Pearl Index and contraceptive safety

To evaluate the various means of contraception according to their safety or their effectiveness, one refers in a standard way to the "Pearl index". But what can this index tell us, how is it calculated and are these calculations really so reliable? We answer the most important questions on the subject of the Pearl Index.

What is the Pearl Index?

The Pearl Index attempts to give an indication of the safety of a contraceptive. It interprets the data collected for a certain contraceptive in such a way as to show how many women out of 100 have been pregnant despite using a contraceptive.

Thus, a Pearl Index of 2 indicates that 2 out of 100 women have become pregnant despite using a certain contraceptive. We then speak of a "failure rate" of 2%.

How is the Pearl Index measured/calculated?

The lower the Pearl Index, the higher the protection of a contraceptive. But how can we calculate the Pearl Index?

The calculation is based on 1200 months of use (100 women in one year) of a contraceptive. The index therefore makes it possible to know how many of these 100 women became pregnant in one year using the contraceptive in question.

Thus, we can say for example that if the Pearl index is 2, 2 women out of 100 have become pregnant in one year. If the Pearl Index is 0.05, one in 2000 women will become pregnant within a year.

Practical Pearl Index vs. theoretical

In general, the Pearl Index can be divided into two subgroups: the safety of the method (theoretical Pearl Index) and the safety of use (practical Pearl Index).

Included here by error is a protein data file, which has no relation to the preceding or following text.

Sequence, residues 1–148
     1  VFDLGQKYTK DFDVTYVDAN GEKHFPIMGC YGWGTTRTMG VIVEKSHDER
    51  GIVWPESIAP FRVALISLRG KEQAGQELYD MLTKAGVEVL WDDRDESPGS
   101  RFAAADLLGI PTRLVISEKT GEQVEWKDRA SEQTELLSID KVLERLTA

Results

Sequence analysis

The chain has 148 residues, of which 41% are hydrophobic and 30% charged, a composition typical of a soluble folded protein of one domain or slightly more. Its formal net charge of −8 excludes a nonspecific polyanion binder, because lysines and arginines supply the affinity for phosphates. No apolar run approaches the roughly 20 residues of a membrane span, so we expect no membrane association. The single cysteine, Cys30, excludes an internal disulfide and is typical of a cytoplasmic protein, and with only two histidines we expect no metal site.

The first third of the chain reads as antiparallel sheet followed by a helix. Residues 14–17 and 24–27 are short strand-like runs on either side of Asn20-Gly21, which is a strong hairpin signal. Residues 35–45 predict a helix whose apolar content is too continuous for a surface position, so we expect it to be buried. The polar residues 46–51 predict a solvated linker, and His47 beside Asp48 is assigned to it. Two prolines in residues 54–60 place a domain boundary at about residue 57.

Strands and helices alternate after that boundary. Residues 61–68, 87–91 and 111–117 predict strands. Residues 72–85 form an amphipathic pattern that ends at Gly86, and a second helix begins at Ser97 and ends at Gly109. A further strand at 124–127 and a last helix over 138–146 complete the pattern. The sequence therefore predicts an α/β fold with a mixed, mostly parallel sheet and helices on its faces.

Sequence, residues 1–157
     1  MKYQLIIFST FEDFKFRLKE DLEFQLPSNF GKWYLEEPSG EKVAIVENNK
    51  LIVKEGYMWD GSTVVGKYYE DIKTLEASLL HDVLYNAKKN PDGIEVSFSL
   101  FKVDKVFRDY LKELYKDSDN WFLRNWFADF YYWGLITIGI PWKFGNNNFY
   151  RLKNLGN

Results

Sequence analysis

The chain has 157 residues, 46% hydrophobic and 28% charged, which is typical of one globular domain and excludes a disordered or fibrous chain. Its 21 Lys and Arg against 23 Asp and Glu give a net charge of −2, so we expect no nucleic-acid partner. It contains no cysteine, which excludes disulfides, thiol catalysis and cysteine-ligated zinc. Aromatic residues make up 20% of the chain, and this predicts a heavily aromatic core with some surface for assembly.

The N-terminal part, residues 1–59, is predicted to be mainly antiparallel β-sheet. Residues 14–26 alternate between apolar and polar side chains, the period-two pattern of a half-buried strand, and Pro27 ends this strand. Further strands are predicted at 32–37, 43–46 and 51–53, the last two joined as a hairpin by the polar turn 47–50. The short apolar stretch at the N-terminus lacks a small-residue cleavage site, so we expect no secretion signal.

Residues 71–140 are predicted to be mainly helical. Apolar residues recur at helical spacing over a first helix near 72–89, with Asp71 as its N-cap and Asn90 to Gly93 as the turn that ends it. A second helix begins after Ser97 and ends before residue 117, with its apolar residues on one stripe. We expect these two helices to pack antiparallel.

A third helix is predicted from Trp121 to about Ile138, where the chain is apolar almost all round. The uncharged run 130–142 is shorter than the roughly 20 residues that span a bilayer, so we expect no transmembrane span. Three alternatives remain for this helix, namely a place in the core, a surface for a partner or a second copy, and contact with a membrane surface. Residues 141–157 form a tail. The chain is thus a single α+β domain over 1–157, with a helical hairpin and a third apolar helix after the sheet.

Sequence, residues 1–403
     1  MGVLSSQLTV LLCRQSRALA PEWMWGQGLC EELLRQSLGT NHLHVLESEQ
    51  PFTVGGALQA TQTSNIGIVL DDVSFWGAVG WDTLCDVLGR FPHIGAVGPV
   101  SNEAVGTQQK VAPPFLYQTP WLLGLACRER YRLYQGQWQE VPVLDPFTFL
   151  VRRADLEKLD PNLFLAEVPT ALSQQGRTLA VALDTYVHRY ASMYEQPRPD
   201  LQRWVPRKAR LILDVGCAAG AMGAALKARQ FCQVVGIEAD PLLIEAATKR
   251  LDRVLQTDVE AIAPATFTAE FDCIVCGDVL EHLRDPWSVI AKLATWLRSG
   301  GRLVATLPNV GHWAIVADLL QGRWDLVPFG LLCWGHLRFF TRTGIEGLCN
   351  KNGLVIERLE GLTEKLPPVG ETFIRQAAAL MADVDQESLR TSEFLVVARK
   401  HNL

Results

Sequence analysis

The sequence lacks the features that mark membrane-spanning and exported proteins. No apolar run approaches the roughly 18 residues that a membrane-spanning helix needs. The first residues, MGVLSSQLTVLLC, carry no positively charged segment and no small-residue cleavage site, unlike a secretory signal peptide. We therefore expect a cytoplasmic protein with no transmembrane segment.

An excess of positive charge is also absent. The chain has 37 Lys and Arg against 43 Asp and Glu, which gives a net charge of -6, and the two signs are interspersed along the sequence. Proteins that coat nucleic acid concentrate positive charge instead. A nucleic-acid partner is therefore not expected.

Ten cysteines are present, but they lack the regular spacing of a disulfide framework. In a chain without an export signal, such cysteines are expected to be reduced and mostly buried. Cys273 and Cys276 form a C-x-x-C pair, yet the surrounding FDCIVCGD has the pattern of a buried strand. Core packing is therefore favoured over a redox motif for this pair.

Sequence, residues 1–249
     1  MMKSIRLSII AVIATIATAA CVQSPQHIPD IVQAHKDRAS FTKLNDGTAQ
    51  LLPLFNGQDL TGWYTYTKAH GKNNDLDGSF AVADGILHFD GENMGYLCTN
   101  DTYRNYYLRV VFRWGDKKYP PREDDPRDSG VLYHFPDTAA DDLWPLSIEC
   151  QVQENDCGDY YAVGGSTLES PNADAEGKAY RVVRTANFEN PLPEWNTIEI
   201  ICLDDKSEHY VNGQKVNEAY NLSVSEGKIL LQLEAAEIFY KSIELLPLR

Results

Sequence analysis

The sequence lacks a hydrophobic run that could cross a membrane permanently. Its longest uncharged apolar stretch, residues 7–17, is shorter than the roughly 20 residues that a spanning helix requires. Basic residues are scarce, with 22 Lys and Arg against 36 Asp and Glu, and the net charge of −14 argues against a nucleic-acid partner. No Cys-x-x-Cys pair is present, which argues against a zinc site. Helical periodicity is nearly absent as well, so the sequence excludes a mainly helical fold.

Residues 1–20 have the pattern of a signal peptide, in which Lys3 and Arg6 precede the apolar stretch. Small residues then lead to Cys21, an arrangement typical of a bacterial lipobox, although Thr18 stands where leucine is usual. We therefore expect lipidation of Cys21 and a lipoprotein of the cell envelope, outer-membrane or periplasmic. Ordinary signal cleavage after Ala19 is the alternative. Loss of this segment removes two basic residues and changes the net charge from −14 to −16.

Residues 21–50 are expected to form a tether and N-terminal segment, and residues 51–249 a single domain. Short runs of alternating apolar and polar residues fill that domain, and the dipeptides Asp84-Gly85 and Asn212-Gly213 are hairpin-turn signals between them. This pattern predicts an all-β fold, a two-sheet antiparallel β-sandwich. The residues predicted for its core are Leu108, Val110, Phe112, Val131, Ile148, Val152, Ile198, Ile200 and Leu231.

While method security is based on the principle of perfectly correct use of the contraceptive method, method security provides information on typical, daily use of a contraceptive method. Thus, factors such as forgetting to take, gastrointestinal diseases or even user errors are taken into account.

Pearl Index for hormonal methods

The contraceptive method most used by women is the pill. About 31% of women in Germany take it and swear by its effectiveness. In most cases, the Pearl Index of the pill is between 0.1 and 0.9, which also makes it one of the safest methods of contraception - according to the PI.

But this safety also comes at a high price, as the list of side effects is endless. Weight gain, thrombosis, hormone-related mood changes, tension in the breasts, migraines or nausea are just some of the many possible side effects.

Pearl Index for natural methods

How secure is the trackle?

Natural family planning (NFP) wants to do without the addition of hormones or chemicals. Unfortunately, natural contraception is still often thought to be too expensive and unsafe, or even requires surgery. However, these assumptions are wrong.

The safest method of natural birth control is the symptothermal method, whereby the birth control computer trackle also evaluate. It has a theoretical Pearl Index of 0.4 in method safety and is therefore - just like the contraceptive pill - below 1.

With regard to the safety of use, also called practical Pearl index, in which the errors of use are also taken into account, the sympto-thermal method gets a value of 1.8. In comparison, the safety of using the pill is 9.

The added benefit of trackle is that the risk of error in the application is greatly reduced by scanning the symptothermal method. In addition, day-to-day implementation is much easier than manual evaluation with a thermometer and cycle sheet.

The Pearl Index: a good orientation

The Pearl Index is a good way to compare birth control methods and their safety. Thanks to the Pearl index, it is possible to navigate through the diversity of contraceptive methods and to make a first choice. However, it is always advisable to keep in mind that: Whatever method of contraception you use, only correct use can guarantee safety and reliability. Therefore, for all questions relating to contraception, contact your gynecologist and ask him to advise you in detail in order to find the method that is right for you.

If you have any questions about contraception with trackle, do not hesitate to write to us at - we will be happy to answer your questions.